Microsoft created Teams as a way for businesses and employees to use Microsoft’s social platform. It allows employees to collaborate using video content, pictures, documents and communication.
There are a number of different strategies for onboarding new early adopters to Microsoft Teams. Many small businesses and large enterprises use Teams as an important tool in their everyday business. However, if you are new to Teams then some of these strategies may be new to you.
The goal of onboarding new users to Teams is usually two-fold. Firstly, to make sure that the user understands how Teams works. Secondly, to make sure that the user gets set up with all of the tools that they need in order to use Teams effectively.
Are you ready to onboard on Teams? Read on to find out how.
Invite user to Teams
Send a welcome email to users with the names and descriptions of the teams you created and invite them to join the conversations in Teams. Be sure to include the following links in the email so they know where to get Teams clients, training, and support:
- Teams web client
- Desktop and mobile client download links
- Teams training videos
- Teams Help documentation
Engage with new users right away. Create a welcome message in Teams and begin a conversation in a channel. This sets the tone and encourages users to migrate to Teams.
Include the same links you sent in the email in the welcome message, as well as any other helpful information to get users up and running quickly. Check in with users to ensure they understand how to download, install, and sign in to Teams so they can begin chatting, sharing files, and collaborating.
Get the right Teams software
Teams has clients for desktop (Windows and Mac), web, and mobile (iOS and Android). We highly recommend users to install the desktop and mobile clients to have the best experience with Teams.
The Teams desktop client gives Windows and Mac users the best overall experience. To learn more, see Get clients for Teams (Desktop client) and Hardware requirements for the Microsoft Teams app.
Teams for Windows
The easiest way to install the Windows desktop client is to:
- Download the Windows desktop client from https://teams.microsoft.com/downloads.
- Run the installer (doesn’t require admin permissions).
- Start Teams after installation completes.
Teams for Mac
The easiest way to install the Mac desktop client is to:
- Download the Mac desktop client from https://teams.microsoft.com/downloads.
- Run the installer (requires admin permissions).
- Start Teams after installation completes.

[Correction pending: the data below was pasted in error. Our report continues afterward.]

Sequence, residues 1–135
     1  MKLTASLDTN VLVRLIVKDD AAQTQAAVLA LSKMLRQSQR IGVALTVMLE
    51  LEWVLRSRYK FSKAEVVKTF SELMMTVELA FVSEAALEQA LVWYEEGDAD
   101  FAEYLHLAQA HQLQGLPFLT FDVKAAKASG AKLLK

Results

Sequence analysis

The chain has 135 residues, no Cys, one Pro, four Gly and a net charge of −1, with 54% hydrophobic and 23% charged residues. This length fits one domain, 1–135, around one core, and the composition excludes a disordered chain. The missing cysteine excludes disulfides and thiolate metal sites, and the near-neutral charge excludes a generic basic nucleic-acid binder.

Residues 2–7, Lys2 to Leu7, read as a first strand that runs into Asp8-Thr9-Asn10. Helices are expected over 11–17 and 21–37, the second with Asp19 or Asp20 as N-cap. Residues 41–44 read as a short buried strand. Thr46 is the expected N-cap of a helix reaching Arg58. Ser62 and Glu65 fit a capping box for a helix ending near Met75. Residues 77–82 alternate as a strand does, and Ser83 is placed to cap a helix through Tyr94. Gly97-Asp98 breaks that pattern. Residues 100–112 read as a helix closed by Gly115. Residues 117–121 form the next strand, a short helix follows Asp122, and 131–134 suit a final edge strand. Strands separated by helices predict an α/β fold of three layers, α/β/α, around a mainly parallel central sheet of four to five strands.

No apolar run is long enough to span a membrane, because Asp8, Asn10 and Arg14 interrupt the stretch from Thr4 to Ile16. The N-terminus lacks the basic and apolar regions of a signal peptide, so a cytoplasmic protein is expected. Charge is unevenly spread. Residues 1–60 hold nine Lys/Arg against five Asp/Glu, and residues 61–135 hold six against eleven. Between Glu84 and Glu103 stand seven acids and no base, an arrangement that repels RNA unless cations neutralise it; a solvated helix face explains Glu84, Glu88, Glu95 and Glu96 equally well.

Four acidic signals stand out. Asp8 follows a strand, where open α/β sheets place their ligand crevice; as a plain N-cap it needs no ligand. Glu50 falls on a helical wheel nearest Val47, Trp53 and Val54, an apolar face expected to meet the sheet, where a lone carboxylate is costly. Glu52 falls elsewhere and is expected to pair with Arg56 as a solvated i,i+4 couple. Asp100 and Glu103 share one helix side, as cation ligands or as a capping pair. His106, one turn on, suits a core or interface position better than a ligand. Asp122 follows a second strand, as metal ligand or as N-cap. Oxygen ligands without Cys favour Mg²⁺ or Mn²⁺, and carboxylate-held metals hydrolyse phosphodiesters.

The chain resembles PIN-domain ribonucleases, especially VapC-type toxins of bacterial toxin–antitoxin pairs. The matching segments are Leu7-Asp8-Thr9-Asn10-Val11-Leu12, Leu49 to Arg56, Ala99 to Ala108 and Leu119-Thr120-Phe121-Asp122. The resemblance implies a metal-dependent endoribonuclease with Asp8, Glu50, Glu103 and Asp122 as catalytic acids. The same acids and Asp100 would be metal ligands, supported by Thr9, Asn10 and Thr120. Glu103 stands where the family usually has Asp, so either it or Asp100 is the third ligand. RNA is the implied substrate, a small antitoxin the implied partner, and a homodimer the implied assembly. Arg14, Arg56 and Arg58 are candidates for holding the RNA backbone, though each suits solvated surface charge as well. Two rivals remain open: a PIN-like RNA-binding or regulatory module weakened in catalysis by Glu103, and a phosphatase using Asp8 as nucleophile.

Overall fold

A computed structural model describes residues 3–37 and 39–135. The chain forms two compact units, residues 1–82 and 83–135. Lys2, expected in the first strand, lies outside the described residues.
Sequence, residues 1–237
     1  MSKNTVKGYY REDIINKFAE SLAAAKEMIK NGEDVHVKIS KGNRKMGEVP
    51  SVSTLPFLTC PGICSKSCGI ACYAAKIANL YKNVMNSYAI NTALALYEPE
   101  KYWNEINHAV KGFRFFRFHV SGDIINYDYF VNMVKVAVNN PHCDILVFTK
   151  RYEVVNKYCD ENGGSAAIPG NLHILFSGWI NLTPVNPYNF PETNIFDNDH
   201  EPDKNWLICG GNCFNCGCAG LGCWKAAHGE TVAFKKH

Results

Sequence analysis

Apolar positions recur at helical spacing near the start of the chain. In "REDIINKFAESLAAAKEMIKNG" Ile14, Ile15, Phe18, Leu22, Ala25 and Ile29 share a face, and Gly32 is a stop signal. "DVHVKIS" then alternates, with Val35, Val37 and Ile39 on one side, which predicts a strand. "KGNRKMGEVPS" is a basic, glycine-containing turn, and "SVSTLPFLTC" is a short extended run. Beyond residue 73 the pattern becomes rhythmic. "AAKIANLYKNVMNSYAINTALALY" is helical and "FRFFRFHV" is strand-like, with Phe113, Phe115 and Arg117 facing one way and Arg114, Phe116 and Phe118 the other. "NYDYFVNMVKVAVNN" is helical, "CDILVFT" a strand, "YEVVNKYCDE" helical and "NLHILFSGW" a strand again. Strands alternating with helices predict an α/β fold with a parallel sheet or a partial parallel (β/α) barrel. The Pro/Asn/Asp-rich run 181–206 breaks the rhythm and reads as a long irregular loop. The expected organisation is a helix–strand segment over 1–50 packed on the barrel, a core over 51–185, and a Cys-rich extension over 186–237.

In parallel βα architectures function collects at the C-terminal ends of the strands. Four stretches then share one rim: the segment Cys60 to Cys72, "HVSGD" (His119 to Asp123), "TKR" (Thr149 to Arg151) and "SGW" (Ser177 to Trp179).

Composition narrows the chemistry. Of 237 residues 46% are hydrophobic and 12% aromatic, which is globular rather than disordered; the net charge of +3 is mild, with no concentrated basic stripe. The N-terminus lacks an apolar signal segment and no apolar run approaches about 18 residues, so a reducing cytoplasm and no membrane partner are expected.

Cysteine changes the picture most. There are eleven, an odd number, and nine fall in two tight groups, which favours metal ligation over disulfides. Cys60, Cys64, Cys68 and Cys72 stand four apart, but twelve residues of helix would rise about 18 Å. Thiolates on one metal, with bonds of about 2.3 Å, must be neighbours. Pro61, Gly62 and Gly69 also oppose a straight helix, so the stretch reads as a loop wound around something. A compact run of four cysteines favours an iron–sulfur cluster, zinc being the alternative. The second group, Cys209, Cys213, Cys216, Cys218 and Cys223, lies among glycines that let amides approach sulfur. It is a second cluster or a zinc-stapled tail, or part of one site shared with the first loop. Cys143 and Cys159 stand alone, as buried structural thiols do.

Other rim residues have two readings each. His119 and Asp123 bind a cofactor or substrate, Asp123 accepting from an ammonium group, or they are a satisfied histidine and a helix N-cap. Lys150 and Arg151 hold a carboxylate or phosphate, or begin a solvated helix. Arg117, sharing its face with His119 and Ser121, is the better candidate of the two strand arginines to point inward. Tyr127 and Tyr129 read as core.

Teams provides a feature-rich web client, https://teams.microsoft.com, that supports a variety of browsers.
Teams fully supports the following Internet browsers, with noted exceptions for calling and meetings. This table applies to operating systems running on desktop computers.
Some specifications for web users to take into account:
- To give and take control of shared content during sharing, both parties must be using the Teams desktop client. Control isn’t supported when either party is running Teams in a browser. This is due to a technical limitation that we’re planning to fix.
- Blur my background isn’t available when you run Teams in a browser. This feature is only available in the Teams desktop client.
- Teams meetings on browsers are limited to a single stream; either incoming video feed of the current speaker or screen sharing.
- Edge RS2 or later doesn’t support sending real-time audio and video traffic through HTTP proxies.
The Teams mobile clients for iOS and Android keep users connected and productive when on-the-go. To learn more, see Get clients for Teams (Mobile clients).
Teams for iOS
Users running iOS 10.0 or later can download the Teams mobile app from the Apple App Store and get started right away.
Teams for Android
Users running Android 4.4 or later can download the Teams mobile app from the Google Play Store and get started right away.
Drive the initial adoption
It’s important to encourage your early adopters to actively use Teams to promote new collaboration experiences and develop Teams champions. We recommend using the “How do I” channel in the “Get to know Teams” team you created to share guidance with your users to help drive adoption.
For detailed guidance on driving Teams adoption for your organization, see Adopt Teams.
It is essential that you explain to the user exactly what Teams is. It is easy to get trapped in the habit of talking about Teams as a product rather than talking about what it is actually for.
Once you have explained what Teams is, you need to show your employees or coworkers what it can do. Firstly, show them the features. When you set up Teams, you will get access to a number of different groups. These groups can be anything from Skype through to Slack.
Once you have shown the user what features Teams has, you need to show the users how they can use them. Try to show them how to use each one of the functions. After you have shown them all of the features, you need to show them how all of that works together.
It is important to make this demonstration as clear and concise as possible. As you are showing the user how everything works, you need to be as clear as possible. Just make sure that you are showing them the features and how they work.
Need help onboarding your staff to Microsoft Teams? You can always contact EmpowerIT to learn the Microsoft Teams best practices.
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